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'Perilous State'

Major Carriers Warn USF Already Overburdened in Comments on 5G Fund

Verizon, T-Mobile and AT&T told the FCC it should move with care on a 5G fund, especially given the perilous state of the USF. Groups representing small carriers said the fund is critical to connecting millions of Americans on the wrong side of the digital divide. Comments were posted Tuesday in docket 20-32 in response to a Further NPRM approved by commissioners 4-0 in September (see 2309210035).

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The commission contends in the FNPRM “that ‘numerous ‘broadband deserts’ continue to exist,’ pointing to a staff estimate that ‘over 14 million broadband serviceable locations … lack mobile 5G coverage at speed thresholds of at least 7/1 Mbps in an in-vehicle Environment,’” Verizon said: “Although 5G coverage is not yet ubiquitous, this statement paints an overly negative picture of the state of mobile broadband deployment in the United States today. In reality, most of the areas where Americans live, work, and travel already have access to high-speed mobile broadband and are well on their way to obtaining 5G coverage.”

Verizon urged the FCC not to expand the proposed fund beyond levels proposed in 2020. The USF contribution system is “already overburdened” and “there is no evidence that $9 billion will be insufficient to meaningfully extend 5G service to the remaining areas where Americans live, work, and travel,” the carrier said.

T-Mobile asked the FCC to be mindful of spending in the broadband, equity, access and deployment program before rolling forward with a 5G Fund and also address the award of licenses it purchased in the 2.5 GHz band. Given the commission’s “'obligation to be a fiscally responsible steward of our limited universal service funds and our commitment to prevent overbuilding,’ T-Mobile encourages the Commission to defer the 5G Fund Phase I Auction until these issues are resolved,” the carrier said. T-Mobile, Verizon and NCTA previously recommended “pausing new USF support for high-cost deployments, including the 5G Fund, until the Commission could assess the impact of new federal funding for broadband deployments,” T-Mobile noted.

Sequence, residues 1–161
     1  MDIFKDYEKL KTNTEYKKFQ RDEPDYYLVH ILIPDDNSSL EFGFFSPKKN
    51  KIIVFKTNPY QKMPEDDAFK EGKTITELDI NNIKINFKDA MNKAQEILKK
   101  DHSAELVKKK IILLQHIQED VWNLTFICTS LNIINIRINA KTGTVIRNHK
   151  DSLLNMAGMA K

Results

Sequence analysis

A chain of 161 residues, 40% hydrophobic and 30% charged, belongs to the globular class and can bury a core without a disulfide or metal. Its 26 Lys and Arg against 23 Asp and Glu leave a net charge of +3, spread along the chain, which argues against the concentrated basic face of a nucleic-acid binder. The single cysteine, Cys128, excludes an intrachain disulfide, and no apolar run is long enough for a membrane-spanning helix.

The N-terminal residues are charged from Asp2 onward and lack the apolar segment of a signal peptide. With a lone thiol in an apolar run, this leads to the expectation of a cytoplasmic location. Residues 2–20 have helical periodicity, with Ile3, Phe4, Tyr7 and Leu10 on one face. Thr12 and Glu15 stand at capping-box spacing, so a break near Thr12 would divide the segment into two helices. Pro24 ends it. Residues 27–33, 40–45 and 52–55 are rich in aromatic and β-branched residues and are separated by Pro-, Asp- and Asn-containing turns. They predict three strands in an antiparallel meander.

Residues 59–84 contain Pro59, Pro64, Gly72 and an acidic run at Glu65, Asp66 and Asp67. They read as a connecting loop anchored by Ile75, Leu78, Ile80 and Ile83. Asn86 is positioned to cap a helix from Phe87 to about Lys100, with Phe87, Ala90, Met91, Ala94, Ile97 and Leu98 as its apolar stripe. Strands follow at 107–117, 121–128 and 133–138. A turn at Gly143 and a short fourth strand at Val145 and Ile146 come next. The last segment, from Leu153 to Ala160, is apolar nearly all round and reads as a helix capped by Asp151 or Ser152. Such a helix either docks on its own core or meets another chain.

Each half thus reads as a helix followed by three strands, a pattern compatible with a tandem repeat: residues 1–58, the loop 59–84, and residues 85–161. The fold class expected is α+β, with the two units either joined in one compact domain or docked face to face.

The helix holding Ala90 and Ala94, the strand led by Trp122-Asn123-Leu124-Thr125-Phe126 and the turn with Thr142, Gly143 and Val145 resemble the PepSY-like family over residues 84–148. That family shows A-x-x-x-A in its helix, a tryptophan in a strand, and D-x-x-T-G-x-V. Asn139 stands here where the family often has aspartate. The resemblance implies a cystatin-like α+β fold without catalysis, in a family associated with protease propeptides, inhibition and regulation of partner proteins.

The perilous state of the current universal service fund contribution factor must be considered in the Commission’s reassessment of the budget for the 5G Fund,” agreed AT&T: “Simply put, the existing USF funding mechanism, rooted in 20th century technologies and consumer demand, cannot withstand a significant increase in its budget, and this becomes more apparent with each passing year.”

The Commission should extend 5G Fund eligibility to any area where unsubsidized 5G is not already deployed, even if that area is served by 4G,” the Competitive Carriers Association said. The fund “should be truly focused on 5G: areas without unsubsidized 5G service should be eligible for 5G Fund support,” CCA said. The group recognized that the USF contribution factor is “extraordinarily high” but noted that “a significant percentage of contributions are derived disproportionately from wireless services” and “are used primarily to fund the deployment of wireline.”

The Rural Wireless Association stressed the importance of direction from the FCC. “Clarity as to a future mobility funding mechanism, the timeline for determining 5G Fund eligible areas, and the sustainability of legacy high-cost support in rural areas is paramount to assisting small and rural providers in deploying 5G and future generation networks,” RWA said: “Without such clarity, rural carriers and other 5G Fund participants will be unable to effectively deploy the mobile networks of the future, leaving rural America behind.”

The FCC could “amplify” the impact of the 5G Fund “by taking into account where fiber and fixed wireless access deployments will be funded” through BEAD, said UScellular: “This will stretch dollars further and reduce uneconomic overbuilding.”

The program’s design choices should be “consistent with the information available” through the broadband data collection “and draw on the outdoor stationary maps that provide the most stable and consistent coverage data,” CTIA said. The group urged the FCC to work with Congress to "ensure an appropriate budget" for the fund through a “secure a long-term, stable USF funding mechanism.” CTIA also questioned the need for cybersecurity rules. “The Commission can promote robust cybersecurity practices by requiring that funding recipients’ cybersecurity risk management plans reflect the National Institute of Standards and Technology Cybersecurity Framework” and “there is no need … to layer on additional requirements, which may have the unintended consequence of harming security outcomes,” CTIA said.